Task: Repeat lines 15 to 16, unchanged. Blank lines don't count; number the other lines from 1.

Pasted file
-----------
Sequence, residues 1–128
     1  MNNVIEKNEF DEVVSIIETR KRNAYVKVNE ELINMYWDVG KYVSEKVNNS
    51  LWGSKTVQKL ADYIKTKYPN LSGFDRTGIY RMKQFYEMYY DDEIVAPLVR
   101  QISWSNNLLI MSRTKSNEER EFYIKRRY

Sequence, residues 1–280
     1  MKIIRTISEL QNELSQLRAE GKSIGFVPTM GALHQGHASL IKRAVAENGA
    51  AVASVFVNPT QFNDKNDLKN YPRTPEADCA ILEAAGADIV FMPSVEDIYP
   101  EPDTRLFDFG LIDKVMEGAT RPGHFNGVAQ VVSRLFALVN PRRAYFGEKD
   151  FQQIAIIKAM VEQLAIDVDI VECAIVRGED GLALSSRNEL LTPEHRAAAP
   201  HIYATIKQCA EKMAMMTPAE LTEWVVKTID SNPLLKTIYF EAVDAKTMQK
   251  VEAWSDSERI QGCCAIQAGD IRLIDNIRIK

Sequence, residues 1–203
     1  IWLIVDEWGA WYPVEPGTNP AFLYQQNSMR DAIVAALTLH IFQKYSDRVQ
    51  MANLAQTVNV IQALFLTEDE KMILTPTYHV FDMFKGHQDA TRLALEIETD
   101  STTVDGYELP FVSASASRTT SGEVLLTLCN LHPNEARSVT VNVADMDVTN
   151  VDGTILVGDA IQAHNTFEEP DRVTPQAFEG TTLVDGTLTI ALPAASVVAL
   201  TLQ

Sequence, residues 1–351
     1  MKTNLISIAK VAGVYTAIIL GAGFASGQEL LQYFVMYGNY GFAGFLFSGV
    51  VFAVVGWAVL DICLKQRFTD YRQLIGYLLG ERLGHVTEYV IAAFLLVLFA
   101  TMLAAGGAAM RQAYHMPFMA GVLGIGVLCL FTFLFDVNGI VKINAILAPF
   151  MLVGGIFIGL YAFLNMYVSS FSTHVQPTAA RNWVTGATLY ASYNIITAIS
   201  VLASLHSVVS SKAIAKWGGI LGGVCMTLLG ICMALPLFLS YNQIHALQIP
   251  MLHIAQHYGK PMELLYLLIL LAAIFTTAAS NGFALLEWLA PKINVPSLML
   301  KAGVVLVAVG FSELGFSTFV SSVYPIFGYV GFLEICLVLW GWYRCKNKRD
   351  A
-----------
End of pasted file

   101  STTVDGYELP FVSASASRTT SGEVLLTLCN LHPNEARSVT VNVADMDVTN
   151  VDGTILVGDA IQAHNTFEEP DRVTPQAFEG TTLVDGTLTI ALPAASVVAL